The world has developed software for more than 50 years. Software has changed virtually every aspect of our lives so we cannot live without it. Thus, the software industry has been very successful. We could choose to be happy and continue doing what we are doing.
However, under the surface everything is not as beautiful: too many failed endeavors, quality in all areas is generally too low, costs are too high, speed is too low, etc. Obviously, we need to have better ways of working or, which is the same, we need better methods.
This is not a new observation. Over all these 50+ years we have been searching for a better method. In some ways our methods of developing software have dramatically changed over time, in other ways they have stayed much the same. As an industry we have followed a zig-zag path moving from paradigm to paradigm and from method to method, changing very much like the fashion industry inspires wardrobe changes. Every new method adoption is generally a very expensive, demoralizing affair. It is expensive because it means retraining the software developers, the teams and their leaders. In some cases existing software may even have to be rewritten in order to work more efficiently with new software. It is demoralizing because the more experienced developers feel they have to relearn what they already know.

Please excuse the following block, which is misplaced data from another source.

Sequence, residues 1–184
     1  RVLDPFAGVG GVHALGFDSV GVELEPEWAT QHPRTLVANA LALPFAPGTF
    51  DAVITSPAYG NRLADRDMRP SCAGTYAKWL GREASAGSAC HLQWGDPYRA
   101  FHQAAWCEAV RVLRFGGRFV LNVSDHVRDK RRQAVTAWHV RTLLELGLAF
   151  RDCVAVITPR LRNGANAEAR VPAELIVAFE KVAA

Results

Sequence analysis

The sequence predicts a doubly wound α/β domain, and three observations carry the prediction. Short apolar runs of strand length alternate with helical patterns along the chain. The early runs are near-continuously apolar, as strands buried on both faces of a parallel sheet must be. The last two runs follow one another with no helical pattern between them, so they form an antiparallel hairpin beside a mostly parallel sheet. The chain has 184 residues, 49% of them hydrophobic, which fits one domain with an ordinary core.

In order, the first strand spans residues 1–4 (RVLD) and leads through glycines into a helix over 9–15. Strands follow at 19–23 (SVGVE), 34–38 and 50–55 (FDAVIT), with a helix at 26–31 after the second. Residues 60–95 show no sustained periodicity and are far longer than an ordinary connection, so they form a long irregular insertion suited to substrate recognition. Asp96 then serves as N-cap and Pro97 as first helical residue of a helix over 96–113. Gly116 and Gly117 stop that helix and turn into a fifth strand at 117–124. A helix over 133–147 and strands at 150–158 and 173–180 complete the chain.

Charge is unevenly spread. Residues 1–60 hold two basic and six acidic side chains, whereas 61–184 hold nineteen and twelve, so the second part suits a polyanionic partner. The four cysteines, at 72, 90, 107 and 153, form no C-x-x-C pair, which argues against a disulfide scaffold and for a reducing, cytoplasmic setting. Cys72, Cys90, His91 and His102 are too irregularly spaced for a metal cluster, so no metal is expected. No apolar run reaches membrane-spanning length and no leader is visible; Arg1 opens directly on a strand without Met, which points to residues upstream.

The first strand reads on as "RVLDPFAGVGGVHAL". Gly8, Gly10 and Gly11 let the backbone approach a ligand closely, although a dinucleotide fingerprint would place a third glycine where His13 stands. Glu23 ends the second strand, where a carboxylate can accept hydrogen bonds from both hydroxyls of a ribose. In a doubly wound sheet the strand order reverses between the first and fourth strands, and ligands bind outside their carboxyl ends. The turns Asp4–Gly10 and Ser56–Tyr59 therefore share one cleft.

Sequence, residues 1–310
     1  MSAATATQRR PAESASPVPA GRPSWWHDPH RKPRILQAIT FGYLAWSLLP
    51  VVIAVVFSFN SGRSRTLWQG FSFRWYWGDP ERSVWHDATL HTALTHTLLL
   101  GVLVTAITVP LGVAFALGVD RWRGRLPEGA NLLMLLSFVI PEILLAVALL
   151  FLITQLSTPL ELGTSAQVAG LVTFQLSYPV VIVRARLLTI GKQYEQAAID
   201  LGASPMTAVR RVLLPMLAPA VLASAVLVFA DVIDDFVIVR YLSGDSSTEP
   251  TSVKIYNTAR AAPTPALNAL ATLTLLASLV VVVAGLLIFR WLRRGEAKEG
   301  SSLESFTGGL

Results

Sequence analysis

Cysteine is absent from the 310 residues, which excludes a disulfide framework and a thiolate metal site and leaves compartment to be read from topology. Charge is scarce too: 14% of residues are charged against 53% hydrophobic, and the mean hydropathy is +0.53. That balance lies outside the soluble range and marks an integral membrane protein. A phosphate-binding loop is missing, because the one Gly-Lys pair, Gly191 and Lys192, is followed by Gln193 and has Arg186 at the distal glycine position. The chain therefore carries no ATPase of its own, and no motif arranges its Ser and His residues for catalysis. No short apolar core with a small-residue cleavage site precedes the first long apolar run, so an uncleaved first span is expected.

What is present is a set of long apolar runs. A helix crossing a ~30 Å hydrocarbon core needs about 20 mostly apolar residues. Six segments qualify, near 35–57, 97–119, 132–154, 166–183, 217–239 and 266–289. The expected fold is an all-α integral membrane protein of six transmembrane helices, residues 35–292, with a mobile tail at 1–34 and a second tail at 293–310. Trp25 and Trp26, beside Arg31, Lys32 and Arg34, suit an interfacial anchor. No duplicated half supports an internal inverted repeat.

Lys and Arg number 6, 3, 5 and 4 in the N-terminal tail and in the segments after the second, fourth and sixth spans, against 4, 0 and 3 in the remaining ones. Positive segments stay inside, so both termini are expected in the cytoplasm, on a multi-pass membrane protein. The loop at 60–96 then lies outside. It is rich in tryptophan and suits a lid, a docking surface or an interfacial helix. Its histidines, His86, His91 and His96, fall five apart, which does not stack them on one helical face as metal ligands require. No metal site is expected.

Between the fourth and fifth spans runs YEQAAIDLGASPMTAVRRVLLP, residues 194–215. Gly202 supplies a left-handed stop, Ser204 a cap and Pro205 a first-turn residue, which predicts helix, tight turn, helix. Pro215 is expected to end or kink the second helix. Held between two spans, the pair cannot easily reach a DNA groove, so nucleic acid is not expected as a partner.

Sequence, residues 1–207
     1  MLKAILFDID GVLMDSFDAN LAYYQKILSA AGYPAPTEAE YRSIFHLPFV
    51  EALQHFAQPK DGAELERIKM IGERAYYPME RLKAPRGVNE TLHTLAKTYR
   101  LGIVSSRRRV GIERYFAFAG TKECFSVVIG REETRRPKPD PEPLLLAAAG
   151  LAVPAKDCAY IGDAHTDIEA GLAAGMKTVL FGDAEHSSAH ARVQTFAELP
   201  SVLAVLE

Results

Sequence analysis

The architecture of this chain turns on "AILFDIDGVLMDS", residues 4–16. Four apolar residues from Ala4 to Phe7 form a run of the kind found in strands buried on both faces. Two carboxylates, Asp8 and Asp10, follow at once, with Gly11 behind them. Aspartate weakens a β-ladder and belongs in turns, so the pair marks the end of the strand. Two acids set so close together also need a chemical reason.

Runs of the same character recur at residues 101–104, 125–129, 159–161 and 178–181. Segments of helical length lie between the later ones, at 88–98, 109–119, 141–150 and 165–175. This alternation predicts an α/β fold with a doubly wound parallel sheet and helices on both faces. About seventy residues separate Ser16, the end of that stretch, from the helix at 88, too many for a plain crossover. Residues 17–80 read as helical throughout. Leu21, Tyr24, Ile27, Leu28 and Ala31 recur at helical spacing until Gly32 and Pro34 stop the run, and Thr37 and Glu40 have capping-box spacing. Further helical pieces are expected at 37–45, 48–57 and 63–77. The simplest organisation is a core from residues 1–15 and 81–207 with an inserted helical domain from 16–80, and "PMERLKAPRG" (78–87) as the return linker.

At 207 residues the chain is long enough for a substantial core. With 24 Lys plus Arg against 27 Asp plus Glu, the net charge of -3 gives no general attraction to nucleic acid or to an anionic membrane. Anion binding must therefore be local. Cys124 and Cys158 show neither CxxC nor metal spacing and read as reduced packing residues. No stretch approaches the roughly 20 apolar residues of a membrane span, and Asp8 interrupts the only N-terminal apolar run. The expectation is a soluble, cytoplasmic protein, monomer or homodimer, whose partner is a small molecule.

Companies, especially larger ones, realize that a great method provides a competitive advantage – even if it is not the only thing you need to have. They also realize that their method must be explained and explicit so that it can be applied consistently across the organization. And, they realize that one size doesn’t fit for all they do – they need a multitude of methods.